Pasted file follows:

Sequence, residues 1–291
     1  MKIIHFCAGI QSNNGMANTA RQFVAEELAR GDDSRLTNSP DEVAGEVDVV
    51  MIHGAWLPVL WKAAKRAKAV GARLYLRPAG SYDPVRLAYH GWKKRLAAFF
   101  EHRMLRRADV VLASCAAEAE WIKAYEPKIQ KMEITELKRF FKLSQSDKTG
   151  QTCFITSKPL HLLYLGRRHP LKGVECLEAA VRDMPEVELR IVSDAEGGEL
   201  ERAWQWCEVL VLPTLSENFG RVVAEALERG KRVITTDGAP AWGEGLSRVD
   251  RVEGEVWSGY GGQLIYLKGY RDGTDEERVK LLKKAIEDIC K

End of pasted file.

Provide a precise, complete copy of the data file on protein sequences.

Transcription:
Sequence, residues 1–291
     1  MKIIHFCAGI QSNNGMANTA RQFVAEELAR GDDSRLTNSP DEVAGEVDVV
    51  MIHGAWLPVL WKAAKRAKAV GARLYLRPAG SYDPVRLAYH GWKKRLAAFF
   101  EHRMLRRADV VLASCAAEAE WIKAYEPKIQ KMEITELKRF FKLSQSDKTG
   151  QTCFITSKPL HLLYLGRRHP LKGVECLEAA VRDMPEVELR IVSDAEGGEL
   201  ERAWQWCEVL VLPTLSENFG RVVAEALERG KRVITTDGAP AWGEGLSRVD
   251  RVEGEVWSGY GGQLIYLKGY RDGTDEERVK LLKKAIEDIC K